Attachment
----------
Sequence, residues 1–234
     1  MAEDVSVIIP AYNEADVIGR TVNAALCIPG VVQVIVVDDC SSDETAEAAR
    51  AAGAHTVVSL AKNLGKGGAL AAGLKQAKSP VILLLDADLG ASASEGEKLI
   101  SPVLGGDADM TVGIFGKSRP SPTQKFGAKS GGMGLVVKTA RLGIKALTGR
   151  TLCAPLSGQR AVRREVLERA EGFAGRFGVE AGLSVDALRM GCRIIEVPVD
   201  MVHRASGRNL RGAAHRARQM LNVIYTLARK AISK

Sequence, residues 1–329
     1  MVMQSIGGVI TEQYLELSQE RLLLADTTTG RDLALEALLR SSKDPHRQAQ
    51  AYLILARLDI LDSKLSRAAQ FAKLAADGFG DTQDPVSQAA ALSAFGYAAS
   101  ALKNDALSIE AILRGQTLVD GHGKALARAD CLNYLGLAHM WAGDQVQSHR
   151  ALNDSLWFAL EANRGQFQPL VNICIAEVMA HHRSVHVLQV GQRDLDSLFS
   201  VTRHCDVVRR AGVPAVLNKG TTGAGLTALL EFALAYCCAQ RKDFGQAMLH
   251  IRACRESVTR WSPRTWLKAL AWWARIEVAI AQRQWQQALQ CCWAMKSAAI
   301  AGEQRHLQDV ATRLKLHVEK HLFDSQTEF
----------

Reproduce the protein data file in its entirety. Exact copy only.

Sequence, residues 1–234
     1  MAEDVSVIIP AYNEADVIGR TVNAALCIPG VVQVIVVDDC SSDETAEAAR
    51  AAGAHTVVSL AKNLGKGGAL AAGLKQAKSP VILLLDADLG ASASEGEKLI
   101  SPVLGGDADM TVGIFGKSRP SPTQKFGAKS GGMGLVVKTA RLGIKALTGR
   151  TLCAPLSGQR AVRREVLERA EGFAGRFGVE AGLSVDALRM GCRIIEVPVD
   201  MVHRASGRNL RGAAHRARQM LNVIYTLARK AISK

Sequence, residues 1–329
     1  MVMQSIGGVI TEQYLELSQE RLLLADTTTG RDLALEALLR SSKDPHRQAQ
    51  AYLILARLDI LDSKLSRAAQ FAKLAADGFG DTQDPVSQAA ALSAFGYAAS
   101  ALKNDALSIE AILRGQTLVD GHGKALARAD CLNYLGLAHM WAGDQVQSHR
   151  ALNDSLWFAL EANRGQFQPL VNICIAEVMA HHRSVHVLQV GQRDLDSLFS
   201  VTRHCDVVRR AGVPAVLNKG TTGAGLTALL EFALAYCCAQ RKDFGQAMLH
   251  IRACRESVTR WSPRTWLKAL AWWARIEVAI AQRQWQQALQ CCWAMKSAAI
   301  AGEQRHLQDV ATRLKLHVEK HLFDSQTEF